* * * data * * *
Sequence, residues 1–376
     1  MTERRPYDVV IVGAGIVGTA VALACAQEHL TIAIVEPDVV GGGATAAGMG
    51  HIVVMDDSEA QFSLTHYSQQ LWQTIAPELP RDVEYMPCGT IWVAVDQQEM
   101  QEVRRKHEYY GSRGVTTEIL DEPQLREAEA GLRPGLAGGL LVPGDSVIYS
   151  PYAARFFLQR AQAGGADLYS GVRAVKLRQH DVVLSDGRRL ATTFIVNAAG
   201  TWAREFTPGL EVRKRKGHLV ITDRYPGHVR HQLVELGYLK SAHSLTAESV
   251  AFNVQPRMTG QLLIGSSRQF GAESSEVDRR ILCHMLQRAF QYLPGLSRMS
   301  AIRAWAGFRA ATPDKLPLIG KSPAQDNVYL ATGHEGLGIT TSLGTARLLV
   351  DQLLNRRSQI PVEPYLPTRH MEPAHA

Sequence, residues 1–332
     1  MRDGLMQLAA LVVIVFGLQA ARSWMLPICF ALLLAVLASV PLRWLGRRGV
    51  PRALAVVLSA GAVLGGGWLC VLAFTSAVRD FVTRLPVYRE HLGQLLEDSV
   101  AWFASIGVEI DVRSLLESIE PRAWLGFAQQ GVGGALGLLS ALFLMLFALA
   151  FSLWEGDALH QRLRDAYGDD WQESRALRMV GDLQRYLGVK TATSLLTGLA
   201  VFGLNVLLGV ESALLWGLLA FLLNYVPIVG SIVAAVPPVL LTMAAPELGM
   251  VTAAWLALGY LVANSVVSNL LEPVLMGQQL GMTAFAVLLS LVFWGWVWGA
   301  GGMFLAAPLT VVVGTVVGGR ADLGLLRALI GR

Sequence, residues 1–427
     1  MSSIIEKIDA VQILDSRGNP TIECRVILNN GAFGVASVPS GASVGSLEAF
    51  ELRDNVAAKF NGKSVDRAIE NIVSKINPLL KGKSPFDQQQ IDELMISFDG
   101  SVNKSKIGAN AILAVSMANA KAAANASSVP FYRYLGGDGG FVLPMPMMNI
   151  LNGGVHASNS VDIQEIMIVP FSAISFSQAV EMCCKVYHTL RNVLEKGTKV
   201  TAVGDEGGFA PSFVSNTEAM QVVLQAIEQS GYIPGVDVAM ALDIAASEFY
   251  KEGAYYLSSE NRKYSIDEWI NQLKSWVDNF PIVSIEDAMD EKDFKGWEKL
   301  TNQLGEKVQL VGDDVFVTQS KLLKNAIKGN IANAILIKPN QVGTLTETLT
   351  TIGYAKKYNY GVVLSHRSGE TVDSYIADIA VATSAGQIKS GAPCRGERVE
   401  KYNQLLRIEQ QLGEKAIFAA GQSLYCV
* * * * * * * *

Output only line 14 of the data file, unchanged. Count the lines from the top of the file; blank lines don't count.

   151  FSLWEGDALH QRLRDAYGDD WQESRALRMV GDLQRYLGVK TATSLLTGLA